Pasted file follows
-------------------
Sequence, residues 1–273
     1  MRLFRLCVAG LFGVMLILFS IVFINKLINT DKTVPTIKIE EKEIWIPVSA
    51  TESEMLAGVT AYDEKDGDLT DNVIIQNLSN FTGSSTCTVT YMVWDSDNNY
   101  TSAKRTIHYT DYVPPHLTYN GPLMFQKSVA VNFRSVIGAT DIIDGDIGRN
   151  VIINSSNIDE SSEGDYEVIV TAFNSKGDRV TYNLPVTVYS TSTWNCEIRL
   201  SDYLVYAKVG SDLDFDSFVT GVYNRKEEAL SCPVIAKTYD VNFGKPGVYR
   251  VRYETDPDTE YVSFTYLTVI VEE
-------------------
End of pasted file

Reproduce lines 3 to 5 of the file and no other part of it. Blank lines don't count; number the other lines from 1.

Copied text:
    51  TESEMLAGVT AYDEKDGDLT DNVIIQNLSN FTGSSTCTVT YMVWDSDNNY
   101  TSAKRTIHYT DYVPPHLTYN GPLMFQKSVA VNFRSVIGAT DIIDGDIGRN
   151  VIINSSNIDE SSEGDYEVIV TAFNSKGDRV TYNLPVTVYS TSTWNCEIRL